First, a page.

slender, branching, beaded and on average 0.6 1.1. in
width. A conspicuous, dense, inflammatory infiltrate
was present around the granule. It consisted mainly of
plasma cells with a moderate number of lymphocytes
densely aggregated at the periphery of the granule.
Rare eosinophils and macrophages with foamy
cytoplasm were also present. No necrosis, pus or
collagen fibres were visible. A peculiar feature in the
biopsy was the presence of vegetable cells intermingled with actinomycetes strictly confined to the
bronchial epithelium (fig. 3).
A case of solitary bronchial actinomycosis detected
in a farmer is presented. The diagnosis of actinomycosis was made from histological sections of the
bronchial biopsy.
About 60% of cases of actinomycosis occur in the
region of the mouth, face or neck, the portal of entry
being dental or tonsillar where the organism is a common commensal or saprophyte. About 25% of cases of
actinomycosis involve the ileocaecal region, with or
without appendicitis or extension through the portal
veins to the Jiver. The remaining 15% of cases are localized in the lung [3, 4]. Rare cases of lesions in the brain
(4), heart valves [4, 7], anorectal area or subcutaneous
tissues of the extremities have been reported [4].
The unique localization of the disease in the
bronchial wall has to be considered an exceptional
event. In all previously reported cases bronchial
actinomycosis has resulted from extension of intrapulmonary disease into the bronchial submucosa [8].
However, superficial actinomycotic bronchitis was
described many years ago (9). To our knowledge, only
one case of primary bronchial localization has been
reported previously [6]. Involvement of pulmonary
parenchyma from a primary bronchial infection has
not been described (I 0].
In our patient no other localization could be
detected. The organism may have reached the
bronchial wall directly from the mouth or tonsillar
foci as usually occurs in lung infections. Surgical
procedures or trauma are considered possible antecedent factors in the spreading of actinomyces from
their site of origin (4).
In our case the contamination of the bronchial wall
may have followed the endotracheal intubation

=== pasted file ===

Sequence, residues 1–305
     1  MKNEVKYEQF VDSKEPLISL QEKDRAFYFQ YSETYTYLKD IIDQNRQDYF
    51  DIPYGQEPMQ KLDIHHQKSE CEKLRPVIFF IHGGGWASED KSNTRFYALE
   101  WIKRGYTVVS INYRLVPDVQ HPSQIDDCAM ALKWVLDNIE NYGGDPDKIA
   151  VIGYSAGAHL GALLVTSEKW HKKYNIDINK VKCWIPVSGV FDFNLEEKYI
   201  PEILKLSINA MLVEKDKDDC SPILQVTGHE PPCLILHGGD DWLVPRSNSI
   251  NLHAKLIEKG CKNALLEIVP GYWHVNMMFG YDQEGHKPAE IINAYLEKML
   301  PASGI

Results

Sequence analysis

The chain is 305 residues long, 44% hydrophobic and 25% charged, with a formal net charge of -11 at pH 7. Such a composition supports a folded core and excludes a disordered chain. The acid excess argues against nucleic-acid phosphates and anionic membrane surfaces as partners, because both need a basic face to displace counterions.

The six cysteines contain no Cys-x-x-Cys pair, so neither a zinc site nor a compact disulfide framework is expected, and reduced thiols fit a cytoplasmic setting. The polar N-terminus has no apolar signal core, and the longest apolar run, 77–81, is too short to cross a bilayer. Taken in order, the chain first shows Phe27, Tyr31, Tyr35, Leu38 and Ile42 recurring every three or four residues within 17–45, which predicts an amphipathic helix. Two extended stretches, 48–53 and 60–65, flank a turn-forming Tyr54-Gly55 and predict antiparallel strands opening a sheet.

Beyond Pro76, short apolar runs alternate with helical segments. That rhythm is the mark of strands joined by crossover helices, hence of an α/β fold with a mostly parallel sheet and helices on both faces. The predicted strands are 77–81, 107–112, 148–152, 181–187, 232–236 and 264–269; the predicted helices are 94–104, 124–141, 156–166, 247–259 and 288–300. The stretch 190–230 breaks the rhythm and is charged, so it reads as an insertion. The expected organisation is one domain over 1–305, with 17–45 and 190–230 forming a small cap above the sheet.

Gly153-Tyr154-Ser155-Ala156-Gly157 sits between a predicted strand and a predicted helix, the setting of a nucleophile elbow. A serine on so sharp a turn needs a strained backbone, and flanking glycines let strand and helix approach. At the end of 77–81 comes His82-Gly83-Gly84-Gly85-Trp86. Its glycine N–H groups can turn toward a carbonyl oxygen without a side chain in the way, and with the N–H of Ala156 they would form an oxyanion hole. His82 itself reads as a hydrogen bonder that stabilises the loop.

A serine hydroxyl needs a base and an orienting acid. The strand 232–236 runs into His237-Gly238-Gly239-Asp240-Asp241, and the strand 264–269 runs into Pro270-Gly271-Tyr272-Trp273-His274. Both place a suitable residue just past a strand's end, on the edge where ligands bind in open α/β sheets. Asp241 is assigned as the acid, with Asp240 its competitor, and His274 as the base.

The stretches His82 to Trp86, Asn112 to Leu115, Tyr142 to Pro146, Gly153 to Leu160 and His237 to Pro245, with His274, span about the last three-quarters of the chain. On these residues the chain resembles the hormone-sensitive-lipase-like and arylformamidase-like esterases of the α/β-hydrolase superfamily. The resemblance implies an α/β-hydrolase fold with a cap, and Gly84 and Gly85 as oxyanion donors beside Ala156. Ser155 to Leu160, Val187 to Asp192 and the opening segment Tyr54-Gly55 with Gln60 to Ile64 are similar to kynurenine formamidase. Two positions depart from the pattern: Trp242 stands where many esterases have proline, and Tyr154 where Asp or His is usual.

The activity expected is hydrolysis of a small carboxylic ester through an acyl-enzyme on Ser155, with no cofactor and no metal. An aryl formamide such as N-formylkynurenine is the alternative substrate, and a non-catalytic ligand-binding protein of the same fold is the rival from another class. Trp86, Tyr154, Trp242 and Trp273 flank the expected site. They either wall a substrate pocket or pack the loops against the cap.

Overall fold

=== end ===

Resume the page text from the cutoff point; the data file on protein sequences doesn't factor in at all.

undertaken during the recovery from the intracerebral aneurysm. Aspiration of material from the upper
alimentary tract may have occurred, as suggested by
the presence of vegetable cells with actinomycetes in
the bronchial specimen.
The patient was treated by antibiotic therapy and
no signs of disease are present two years later.
In the presence of an endobronchial mass, the
possibility of an actinomycotic lesion should be
considered in a differential diagnosis along with
neoplastic proliferation.
I. Weed LA, Buggcnstoss AH. - Actinomycosis. A pathologic
and bacteriologic study of twenty-one fatal cases. Am J Clin Pathot,
1949, 19, 209- 216.
2. McQuarrie DG, Hall WH. - Actinomycosis of the lung and
chest wall. Surgery, 1968, 64, 905-911.
3. Wright G P, Heard BE. - The lungs. In: Systemic pathology,
WStC. Symmers ed., Churchill Livingstone, Edinburgh, London
and New York, 1980, pp. 347-348.
4. Brown JR. - Human actinomycosis: a study of 181 subjects.
Hum Pathol, 1979, 4, 319- 330.
5. Coleman RM, Georg LK, Rozell AR. - Actinomyces naeslurulii
as an agent of human actinomycosis. Appl Microbial, 1969, 18,
6. Kurgan J, Szymczak M. - Promicnica oskrLela (bronchial
actinomycosis). Pneumol Pot, 1986, 54, 363-365.
7. Dutton WP, Garrington GE. - Cardiac actinomycosis. Dis
Chest, 1968, 54, 65- 67.
8. Bates M, Cruickshank G. - Thoracic actinomycosis. Thorax,
1957, 12, 99-124.
9. Cope Z ed. - Actinomycosis. Oxford University Press,
London, 1938.
10. Lee M, Bergcr HW, Fernandez NA , Tawncy S. - Endobronchial act inomycosis. Mt Sinai J Med, 1982, 49, 136-139.
RESUME: Un fennier de scxe masculin, adrcssc au service pour
ficvre, toux et hemoptysie, montre a l'examen bronchoscopique une
large masse obstruant la bronche lobairc moyenne. Les cliches
thoraciques ne montraient aucune attcinte pulmonaire. L'examen
histologiquc montrc qu'il s'agit d'un granule actinomycosique dans
la sous-muqueuse bronchique. Les signes histologiques indiquent
que !'aspiration de materiel contamine en provenance du tractus
alimentaire supericur pourrait avoir provoque la maladie.